Design of measuring campaign
Prior to the measuring campaign, the force mains had been operated for half a year where a mature biofilm was allowed to develop on the interior pipe walls. Dosing was initiated 2 months prior to sampling, to allow the biofilms to adapt to these conditions. The measuring campaign was intended to characterize mature biofilms in terms of their activity to consume and form key substances and map the corresponding microbial community. A destructive sampling was performed to achieve this, where biofilms were scraped out of the pipe and one part analyzed for activity and another part for its microbiome. The amount of biofilm that could be obtained was small compared to the amount required for the various tests and the number of repetitions per location was hence limited to one.
Biofilm and wastewater sampling
Wastewater was collected in the settling tank before the force mains and filtered through a 1.2 μm Labsolute® glass fiber filter (Th.Geyer, Renningen, Germany). The pH was subsequently adjusted to 7.5 using hydrochloric acid or sodium hydroxide, and the filtrate was kept overnight at 4 °C. Biofilm samples were collected by dismantling the force mains and scraping it off from the inside of the pipes with a rubber spatula. The collected biofilms were covered with filtered wastewater and kept overnight at 4 °C.
Biofilm and wastewater characterisation
Iron, sulfur, copper, zinc, and calcium in the biofilms were analyzed by inductively coupled plasma optical emission spectroscopy (Thermo iCap 6300 Duo operated in radial view mode; Thermo Fisher Scientific Inc., MA, USA). Biofilm samples were digested in 33.5% HNO3 for 3 days at room temperature. Before measurements, samples were diluted to 10% HNO3, and 1 ppm yttrium was added as internal standard. Iron was measured at 238.204, 239.562, and 259.940 nm, sulfur at 180.731, 182.034, and 182.624 nm, copper at 224.700, 324.754, and 327.396 nm, zinc at 202.548, 206.200, and 334.502 nm, calcium at 393.366, 396.847, and 422.673 nm and yttrium at 371.030 nm. Standards and nitric acid were of high purity and traceable to the National Institute of Standards and Technology (NIST) (SCP-Science, Courtaboeuf, France).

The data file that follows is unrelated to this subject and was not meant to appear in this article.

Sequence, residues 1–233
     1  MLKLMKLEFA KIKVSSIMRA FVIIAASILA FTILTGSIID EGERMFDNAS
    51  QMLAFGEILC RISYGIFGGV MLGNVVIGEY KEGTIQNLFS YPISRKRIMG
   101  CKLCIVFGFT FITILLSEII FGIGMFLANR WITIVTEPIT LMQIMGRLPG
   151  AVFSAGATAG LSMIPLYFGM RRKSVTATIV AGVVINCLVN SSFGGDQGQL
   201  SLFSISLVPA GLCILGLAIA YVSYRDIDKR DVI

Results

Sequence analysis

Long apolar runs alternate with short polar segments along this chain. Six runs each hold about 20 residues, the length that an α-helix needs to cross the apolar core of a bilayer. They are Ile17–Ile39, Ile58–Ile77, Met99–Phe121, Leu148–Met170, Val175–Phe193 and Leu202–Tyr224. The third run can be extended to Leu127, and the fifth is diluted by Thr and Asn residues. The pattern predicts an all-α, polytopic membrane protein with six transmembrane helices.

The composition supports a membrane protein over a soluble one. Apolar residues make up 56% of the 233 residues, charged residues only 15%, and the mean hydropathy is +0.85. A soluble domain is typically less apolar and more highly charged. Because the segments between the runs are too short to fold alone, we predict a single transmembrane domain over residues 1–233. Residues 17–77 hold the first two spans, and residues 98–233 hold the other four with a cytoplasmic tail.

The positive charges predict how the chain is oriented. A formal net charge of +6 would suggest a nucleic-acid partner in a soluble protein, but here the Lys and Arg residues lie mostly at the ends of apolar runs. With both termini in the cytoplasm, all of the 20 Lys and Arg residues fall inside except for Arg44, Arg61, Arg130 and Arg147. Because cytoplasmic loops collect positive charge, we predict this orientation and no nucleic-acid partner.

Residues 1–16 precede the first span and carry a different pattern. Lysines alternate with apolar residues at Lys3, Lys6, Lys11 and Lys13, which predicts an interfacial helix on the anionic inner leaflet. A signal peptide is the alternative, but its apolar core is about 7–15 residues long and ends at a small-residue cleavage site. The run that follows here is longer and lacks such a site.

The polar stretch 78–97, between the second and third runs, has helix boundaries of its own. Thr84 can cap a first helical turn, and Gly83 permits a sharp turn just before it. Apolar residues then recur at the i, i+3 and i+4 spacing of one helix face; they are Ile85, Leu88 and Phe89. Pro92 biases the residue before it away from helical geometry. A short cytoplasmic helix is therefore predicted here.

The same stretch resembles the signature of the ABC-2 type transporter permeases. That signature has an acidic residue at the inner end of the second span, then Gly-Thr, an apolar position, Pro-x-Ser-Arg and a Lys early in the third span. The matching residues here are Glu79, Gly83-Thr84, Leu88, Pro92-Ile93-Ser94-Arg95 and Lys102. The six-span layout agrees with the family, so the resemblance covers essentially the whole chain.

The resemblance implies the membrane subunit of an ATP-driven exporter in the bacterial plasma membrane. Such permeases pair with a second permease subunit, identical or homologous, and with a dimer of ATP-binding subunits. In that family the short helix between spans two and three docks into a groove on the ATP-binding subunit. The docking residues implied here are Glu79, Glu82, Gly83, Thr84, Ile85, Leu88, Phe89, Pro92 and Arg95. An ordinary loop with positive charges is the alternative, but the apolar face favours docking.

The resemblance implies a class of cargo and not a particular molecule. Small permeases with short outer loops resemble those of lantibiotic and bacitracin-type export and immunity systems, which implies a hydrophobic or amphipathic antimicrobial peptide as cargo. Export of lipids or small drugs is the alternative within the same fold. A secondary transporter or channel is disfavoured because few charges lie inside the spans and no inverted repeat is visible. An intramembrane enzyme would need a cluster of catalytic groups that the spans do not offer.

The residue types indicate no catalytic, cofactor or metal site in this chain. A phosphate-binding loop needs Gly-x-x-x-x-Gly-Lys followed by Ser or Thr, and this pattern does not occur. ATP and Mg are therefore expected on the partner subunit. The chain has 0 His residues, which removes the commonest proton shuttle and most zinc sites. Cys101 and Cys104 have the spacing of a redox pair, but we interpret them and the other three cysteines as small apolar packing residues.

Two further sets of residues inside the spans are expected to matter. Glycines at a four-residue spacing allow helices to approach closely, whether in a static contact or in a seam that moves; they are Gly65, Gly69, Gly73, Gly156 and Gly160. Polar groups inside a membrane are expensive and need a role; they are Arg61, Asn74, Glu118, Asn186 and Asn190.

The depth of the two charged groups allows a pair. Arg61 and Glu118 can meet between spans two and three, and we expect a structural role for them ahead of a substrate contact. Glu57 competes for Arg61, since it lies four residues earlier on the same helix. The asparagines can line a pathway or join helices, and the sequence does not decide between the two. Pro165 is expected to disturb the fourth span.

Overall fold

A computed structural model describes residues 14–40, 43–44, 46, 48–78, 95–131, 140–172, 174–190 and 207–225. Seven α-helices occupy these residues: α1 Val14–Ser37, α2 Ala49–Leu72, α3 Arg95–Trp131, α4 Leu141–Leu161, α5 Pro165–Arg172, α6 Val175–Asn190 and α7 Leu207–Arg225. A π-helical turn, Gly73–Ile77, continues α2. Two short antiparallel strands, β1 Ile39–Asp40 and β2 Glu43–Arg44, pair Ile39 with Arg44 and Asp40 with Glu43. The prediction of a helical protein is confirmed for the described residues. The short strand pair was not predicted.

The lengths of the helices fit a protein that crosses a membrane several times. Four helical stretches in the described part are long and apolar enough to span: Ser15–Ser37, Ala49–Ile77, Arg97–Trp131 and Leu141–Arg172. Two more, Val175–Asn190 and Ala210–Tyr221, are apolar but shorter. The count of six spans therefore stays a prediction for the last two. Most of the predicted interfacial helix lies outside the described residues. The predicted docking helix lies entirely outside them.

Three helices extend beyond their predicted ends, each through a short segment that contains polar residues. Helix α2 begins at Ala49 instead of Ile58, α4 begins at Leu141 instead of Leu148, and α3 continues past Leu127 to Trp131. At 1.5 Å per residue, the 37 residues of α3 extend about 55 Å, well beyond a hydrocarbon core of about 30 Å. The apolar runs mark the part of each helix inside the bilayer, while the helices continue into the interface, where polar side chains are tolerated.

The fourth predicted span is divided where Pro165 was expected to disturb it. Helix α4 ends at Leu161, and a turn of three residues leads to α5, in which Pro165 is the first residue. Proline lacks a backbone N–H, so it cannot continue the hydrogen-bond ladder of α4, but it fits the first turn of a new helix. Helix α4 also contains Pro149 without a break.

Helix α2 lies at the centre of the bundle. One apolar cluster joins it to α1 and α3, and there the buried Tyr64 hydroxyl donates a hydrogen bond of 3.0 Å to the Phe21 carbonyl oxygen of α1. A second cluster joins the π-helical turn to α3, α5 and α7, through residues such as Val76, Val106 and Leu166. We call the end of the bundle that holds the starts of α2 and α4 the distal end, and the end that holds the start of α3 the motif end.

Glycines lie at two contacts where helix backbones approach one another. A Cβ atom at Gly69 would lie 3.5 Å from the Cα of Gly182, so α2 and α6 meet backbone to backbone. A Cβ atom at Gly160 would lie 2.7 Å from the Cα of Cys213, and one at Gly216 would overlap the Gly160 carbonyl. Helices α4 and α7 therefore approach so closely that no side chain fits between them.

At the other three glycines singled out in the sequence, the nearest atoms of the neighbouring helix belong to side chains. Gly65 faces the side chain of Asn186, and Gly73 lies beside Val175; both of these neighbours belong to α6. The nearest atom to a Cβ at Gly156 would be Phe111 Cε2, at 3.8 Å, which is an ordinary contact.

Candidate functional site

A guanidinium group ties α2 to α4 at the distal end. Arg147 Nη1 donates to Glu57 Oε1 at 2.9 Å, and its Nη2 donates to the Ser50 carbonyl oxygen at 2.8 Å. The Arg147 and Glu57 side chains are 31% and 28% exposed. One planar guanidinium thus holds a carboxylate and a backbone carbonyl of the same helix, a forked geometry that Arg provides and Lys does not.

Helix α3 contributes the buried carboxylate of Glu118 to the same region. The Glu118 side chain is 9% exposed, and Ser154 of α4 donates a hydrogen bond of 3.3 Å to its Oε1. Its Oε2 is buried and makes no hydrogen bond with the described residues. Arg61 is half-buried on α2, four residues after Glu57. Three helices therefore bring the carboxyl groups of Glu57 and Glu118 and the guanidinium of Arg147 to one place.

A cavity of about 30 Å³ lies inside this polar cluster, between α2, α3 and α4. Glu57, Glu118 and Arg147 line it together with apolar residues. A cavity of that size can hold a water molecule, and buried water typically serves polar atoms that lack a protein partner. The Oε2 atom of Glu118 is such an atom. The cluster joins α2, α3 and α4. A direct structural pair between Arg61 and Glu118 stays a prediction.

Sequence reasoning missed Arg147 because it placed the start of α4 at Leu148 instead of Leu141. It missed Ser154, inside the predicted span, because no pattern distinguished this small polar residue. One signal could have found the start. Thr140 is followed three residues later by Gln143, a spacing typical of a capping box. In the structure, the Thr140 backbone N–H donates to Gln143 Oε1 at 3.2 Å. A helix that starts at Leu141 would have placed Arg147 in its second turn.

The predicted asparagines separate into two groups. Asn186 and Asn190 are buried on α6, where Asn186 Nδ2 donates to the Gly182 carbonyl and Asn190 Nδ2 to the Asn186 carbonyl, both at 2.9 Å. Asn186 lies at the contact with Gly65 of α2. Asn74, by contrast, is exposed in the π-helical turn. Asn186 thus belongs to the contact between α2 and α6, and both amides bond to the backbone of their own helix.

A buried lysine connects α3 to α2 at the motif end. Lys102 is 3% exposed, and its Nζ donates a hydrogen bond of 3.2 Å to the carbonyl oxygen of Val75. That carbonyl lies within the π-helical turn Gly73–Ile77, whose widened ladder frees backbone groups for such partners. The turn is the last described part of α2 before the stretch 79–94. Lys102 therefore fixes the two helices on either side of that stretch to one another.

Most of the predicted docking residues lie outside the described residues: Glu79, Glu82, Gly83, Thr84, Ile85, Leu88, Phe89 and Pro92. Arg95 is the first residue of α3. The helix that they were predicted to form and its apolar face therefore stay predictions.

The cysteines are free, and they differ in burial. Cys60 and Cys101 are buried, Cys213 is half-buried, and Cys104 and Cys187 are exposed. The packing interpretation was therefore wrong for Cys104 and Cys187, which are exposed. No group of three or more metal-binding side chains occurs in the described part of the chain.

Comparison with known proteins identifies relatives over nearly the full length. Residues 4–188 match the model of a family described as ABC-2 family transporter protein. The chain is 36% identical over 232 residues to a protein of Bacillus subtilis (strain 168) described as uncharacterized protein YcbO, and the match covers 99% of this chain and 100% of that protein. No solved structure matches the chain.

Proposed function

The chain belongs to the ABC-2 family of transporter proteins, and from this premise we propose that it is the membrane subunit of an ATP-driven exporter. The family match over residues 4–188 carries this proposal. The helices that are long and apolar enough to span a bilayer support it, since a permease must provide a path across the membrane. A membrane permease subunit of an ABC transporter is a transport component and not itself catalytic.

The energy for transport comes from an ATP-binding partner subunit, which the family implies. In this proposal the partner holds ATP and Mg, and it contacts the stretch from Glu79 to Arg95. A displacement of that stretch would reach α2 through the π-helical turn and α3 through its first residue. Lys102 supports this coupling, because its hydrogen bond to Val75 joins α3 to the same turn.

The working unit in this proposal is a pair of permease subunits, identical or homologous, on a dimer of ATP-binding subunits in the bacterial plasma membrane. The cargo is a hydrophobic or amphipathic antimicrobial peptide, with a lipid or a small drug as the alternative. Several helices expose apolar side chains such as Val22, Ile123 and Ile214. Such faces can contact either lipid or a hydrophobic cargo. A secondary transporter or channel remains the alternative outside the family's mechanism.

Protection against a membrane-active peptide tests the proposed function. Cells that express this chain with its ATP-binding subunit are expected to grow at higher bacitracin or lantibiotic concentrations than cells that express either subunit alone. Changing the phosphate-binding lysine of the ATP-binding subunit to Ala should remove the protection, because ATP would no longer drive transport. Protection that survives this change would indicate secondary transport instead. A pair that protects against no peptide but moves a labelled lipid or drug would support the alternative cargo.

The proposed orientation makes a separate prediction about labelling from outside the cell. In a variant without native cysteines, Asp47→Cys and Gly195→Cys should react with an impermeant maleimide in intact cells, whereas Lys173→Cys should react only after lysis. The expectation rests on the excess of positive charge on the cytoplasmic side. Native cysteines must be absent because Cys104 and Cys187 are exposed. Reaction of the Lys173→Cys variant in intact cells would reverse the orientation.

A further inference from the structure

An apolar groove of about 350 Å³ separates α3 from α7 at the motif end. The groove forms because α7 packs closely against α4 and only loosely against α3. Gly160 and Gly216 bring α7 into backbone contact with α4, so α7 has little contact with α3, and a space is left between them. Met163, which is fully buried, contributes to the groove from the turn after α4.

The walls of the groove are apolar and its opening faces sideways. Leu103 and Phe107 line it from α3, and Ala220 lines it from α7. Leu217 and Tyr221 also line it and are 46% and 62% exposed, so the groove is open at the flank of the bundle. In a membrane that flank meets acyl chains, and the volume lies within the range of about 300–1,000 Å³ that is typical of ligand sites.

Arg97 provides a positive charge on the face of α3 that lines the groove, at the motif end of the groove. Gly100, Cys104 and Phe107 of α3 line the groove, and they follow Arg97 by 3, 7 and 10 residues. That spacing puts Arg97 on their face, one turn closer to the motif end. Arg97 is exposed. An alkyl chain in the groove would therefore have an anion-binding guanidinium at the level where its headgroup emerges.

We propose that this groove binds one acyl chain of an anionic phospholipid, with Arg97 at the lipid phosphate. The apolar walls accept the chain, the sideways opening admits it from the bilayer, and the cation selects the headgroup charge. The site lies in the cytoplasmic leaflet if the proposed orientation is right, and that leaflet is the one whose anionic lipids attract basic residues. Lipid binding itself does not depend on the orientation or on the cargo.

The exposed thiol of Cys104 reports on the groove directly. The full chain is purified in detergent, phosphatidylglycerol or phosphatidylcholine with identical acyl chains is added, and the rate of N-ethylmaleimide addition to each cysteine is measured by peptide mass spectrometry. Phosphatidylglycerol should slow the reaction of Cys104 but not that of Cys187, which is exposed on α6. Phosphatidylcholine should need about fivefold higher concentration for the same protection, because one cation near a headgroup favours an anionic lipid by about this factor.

Soluble chemical oxygen demand (COD) and nitrate were measured in wastewater from all lines at 0, 100, and 200 m. Wastewater samples were drawn off the force mains into serum bottles immediately after a pumping event. Samples for COD were filtered through a 0.45 μm nylon syringe filter, and measured spectrophotometrically using a Hach Lange COD cuvette test kit (Hach Lange Gmbh, Düsseldorf, Germany). Samples for nitrate were filtered through a 0.22 μm cellulose acetate 25 mm syringe filter and measured using ion chromatography as described by Rudelle et al. (2016).
Activity measurement of suspended biofilms
For activity measurements, 8 mL of wet biofilm was homogenized in a tissue grinder. Following homogenization, biofilms were suspended in temperate filtered wastewater in a 500 mL serum bottle flushed with high purity nitrogen gas (5.0). A volume corresponding to 15.3% of the total volume in the bottle was left as headspace. Yeast extract and molasses were added to a final concentration of 0.5 g L−1 each. The bottle was placed on a magnetic stirrer in a water bath kept at room temperature to minimize temperature variations. Samples for measuring volatile fatty acid (VFA) and sulfate were drawn from the liquid phase every 30 min. for a duration of 12 hours. The samples for analysis of VFA and sulfate were filtered through a 0.22 μm CA 25 mm syringe filter. Samples for methane quantification were taken from the headspace with an air-tight syringe and transferred to a vacuum vial. The volume lost during sampling was compensated for with injection of high purity nitrogen gas (5.0). At termination of the experiment, pH was measured and a sample was taken for determination of total solids (TS) and volatile solids (VS) (APHA 1995). Sulfate, VFA and methane were measured as described by Rudelle et al. (2016).
For characterizing the activity of the suspended biofilms, the overall consumption rate of sulfate and the overall formation rate of VFA and methane were calculated and normalized to VS (mol substance (g VS)−1 minute−1).
Correlation analysis with biofilm microbiome